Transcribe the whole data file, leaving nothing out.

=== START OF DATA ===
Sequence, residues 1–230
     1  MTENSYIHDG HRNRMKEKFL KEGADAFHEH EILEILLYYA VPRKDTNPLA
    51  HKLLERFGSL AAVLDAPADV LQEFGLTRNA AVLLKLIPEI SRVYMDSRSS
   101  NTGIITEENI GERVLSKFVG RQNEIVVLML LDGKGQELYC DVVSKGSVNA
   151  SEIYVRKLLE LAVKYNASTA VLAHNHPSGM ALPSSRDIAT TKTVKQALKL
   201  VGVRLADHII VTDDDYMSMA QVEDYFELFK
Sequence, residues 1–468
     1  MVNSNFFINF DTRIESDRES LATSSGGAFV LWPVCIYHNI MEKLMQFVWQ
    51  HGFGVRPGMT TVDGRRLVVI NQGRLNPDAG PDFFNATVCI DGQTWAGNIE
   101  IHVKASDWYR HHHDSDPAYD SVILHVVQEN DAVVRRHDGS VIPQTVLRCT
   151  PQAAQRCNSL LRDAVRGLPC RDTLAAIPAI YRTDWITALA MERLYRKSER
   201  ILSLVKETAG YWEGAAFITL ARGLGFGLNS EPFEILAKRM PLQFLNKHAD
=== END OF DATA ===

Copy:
Sequence, residues 1–230
     1  MTENSYIHDG HRNRMKEKFL KEGADAFHEH EILEILLYYA VPRKDTNPLA
    51  HKLLERFGSL AAVLDAPADV LQEFGLTRNA AVLLKLIPEI SRVYMDSRSS
   101  NTGIITEENI GERVLSKFVG RQNEIVVLML LDGKGQELYC DVVSKGSVNA
   151  SEIYVRKLLE LAVKYNASTA VLAHNHPSGM ALPSSRDIAT TKTVKQALKL
   201  VGVRLADHII VTDDDYMSMA QVEDYFELFK
Sequence, residues 1–468
     1  MVNSNFFINF DTRIESDRES LATSSGGAFV LWPVCIYHNI MEKLMQFVWQ
    51  HGFGVRPGMT TVDGRRLVVI NQGRLNPDAG PDFFNATVCI DGQTWAGNIE
   101  IHVKASDWYR HHHDSDPAYD SVILHVVQEN DAVVRRHDGS VIPQTVLRCT
   151  PQAAQRCNSL LRDAVRGLPC RDTLAAIPAI YRTDWITALA MERLYRKSER
   201  ILSLVKETAG YWEGAAFITL ARGLGFGLNS EPFEILAKRM PLQFLNKHAD